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Posted 03/17/2014

Perspectives: Fundamentals of Good Hiring

Costs associated with making a bad hire are considerable.  Put the right person in the right place at the right time and your problems melt away.  You can also quickly put your organization on track towards realizing its strategic objectives.  Doing this well, however, requires building a customized plan and then deliberately executing that plan.  Effective hiring should never be left to chance.  Improve results by designing a series of activities and tools that collect and evaluate job-related information from individuals and can be used to extend an offer of employment.  There are several hallmarks of good hiring plans.  Include them in your plan, become skilled in their use and these fundamental practices should help you achieve consistent high-level results in your hiring. Let’s take a look at these fundamentals: Understand the Costs of a Bad Hire.
  • Recruitment & hiring costs
  • Human Resources time
  • Management time
  • Orientation & training
  • Learning curve productivity loss
  • Work group productivity loss
  • Legal expenses
Know your job requirements.  Ensure your selection team is on the same page, in advance of contacting applicants, regarding:
  • Prerequisite knowledge or expertise gained through education or experience
  • Level of proficiency  needed to perform certain tasks or functions
  • The natural aptitude or talent to perform the job (& possibly planned succession opportunities).
  • Other qualities, beyond knowledge-skills-abilities (KSA’s) that are required to perform well in your workplace environment (team skills, cultural fit, etc.)
Employ good selection practices throughout your hiring process to avoid legal pitfalls.
  • Ensure your job description is accurate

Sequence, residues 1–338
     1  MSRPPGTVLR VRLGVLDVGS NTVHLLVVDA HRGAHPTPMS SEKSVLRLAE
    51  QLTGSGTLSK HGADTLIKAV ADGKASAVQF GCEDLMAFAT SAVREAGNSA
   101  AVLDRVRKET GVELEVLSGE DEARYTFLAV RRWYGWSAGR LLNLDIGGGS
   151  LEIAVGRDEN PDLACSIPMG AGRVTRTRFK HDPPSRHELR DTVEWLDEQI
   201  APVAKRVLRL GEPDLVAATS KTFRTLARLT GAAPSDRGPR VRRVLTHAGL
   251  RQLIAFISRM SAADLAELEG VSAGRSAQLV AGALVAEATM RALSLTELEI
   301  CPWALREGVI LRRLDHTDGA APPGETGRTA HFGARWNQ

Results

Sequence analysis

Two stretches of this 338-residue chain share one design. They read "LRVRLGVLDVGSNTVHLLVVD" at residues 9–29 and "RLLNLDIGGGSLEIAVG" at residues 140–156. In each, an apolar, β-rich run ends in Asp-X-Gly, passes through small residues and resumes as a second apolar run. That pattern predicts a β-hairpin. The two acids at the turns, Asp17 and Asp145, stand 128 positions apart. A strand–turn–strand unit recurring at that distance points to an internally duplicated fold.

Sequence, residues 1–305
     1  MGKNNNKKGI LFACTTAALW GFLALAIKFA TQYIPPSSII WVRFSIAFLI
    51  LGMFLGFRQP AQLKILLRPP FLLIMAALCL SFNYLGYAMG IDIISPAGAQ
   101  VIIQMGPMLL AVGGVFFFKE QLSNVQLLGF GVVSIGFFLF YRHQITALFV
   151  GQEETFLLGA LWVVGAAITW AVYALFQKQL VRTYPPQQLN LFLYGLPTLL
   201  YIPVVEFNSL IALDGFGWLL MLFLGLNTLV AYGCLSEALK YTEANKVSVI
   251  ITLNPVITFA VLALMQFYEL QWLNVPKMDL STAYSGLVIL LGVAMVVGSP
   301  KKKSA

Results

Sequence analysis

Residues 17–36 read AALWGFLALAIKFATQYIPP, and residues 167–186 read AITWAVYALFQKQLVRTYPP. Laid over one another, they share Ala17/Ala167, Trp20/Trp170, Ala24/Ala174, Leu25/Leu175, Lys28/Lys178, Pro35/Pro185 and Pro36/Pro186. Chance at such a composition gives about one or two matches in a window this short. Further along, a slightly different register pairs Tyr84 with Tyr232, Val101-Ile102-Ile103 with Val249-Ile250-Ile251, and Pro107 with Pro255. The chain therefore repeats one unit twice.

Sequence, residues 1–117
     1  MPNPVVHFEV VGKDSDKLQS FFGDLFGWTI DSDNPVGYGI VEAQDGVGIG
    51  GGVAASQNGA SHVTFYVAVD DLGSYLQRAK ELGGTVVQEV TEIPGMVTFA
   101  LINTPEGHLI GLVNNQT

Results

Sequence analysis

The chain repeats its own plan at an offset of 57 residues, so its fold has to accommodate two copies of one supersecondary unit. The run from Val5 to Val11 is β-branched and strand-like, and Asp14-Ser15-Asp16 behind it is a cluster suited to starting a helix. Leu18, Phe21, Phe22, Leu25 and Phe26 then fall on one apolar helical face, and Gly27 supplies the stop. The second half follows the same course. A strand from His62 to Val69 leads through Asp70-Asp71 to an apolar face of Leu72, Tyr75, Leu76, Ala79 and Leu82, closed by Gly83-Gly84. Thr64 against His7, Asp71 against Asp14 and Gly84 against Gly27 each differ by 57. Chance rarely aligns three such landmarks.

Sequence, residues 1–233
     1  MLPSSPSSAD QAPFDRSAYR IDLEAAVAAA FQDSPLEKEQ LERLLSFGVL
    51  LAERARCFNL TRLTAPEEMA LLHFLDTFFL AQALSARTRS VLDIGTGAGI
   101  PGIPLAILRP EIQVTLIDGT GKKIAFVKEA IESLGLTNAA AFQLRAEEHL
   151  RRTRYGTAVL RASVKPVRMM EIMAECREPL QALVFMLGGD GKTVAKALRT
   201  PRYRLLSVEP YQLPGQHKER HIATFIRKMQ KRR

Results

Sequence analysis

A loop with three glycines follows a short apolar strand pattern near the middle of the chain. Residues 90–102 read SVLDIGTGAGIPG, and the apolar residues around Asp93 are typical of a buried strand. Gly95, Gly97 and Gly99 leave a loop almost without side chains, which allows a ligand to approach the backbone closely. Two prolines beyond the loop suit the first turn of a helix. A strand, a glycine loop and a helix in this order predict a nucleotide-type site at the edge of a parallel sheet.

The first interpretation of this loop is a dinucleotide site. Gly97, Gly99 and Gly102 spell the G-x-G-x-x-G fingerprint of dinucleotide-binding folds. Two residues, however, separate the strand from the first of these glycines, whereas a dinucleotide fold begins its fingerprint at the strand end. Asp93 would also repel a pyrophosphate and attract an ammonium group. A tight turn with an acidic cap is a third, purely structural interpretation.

• Identify relevant selection criteria & screen applicants accordingly
  • Develop behaviorally-based interview questions based on those criteria
  • Treat all applicants consistently
  • Document applicant’s responses to interview questions
  • Refrain from making inquiries or otherwise soliciting information about things that aren’t job-related
  • Avoid subjective opinions about applicants
Know what to look for in an application or resume.  Identify:
  • The details pertaining to specific job qualifications
  • Areas that require further explanation in the interview or through other selection methods
  • Unclear, incomplete or contradictory information
  • Gaps in employment
  • Overlapping full-time positions
  • Irregular career path movement
  • Job titles that don’t fit with the duties listed
Plan & conduct your employment interview carefully.
  • Ask about: qualifications (KSA’s), experience, their expectations
  • Tell about: the position, compensation & benefits, the organization
  • Use “behaviorally-based” inquiry techniques to elicit responses from applicants that are based on factual accomplishments (what they DID do in a situation) versus soliciting opinions (what they MIGHT do if they were ever in that situation)
  • Dig for quantitative results that can be verified, whenever possible
  • Listen for the applicant’s use of the word “we” and inquire as to what that individual’s explicit role, responsibility, and achievements were
  • Remember the 80:20 rule (you want the candidate speaking 80% of the time, not vice versa)
  • Use peers in the interview process, whenever possible, in addition to the hiring official
Consider using validated assessment tools, if applicable.
  • They often identify a lack of basic skills and abilities and/or a weak work ethic… attributes that are sometimes difficult to discern using other methods
  • With the increased emphasis on being globally competitive, they provide you with additional confidence that you are hiring a qualified, capable worker… and not just a good interviewer
Do your homework.
  • Check relevant references
  • If employee is regularly driving a company vehicle, check driving record
  • If a felony conviction would disqualify a person for employment, check conviction record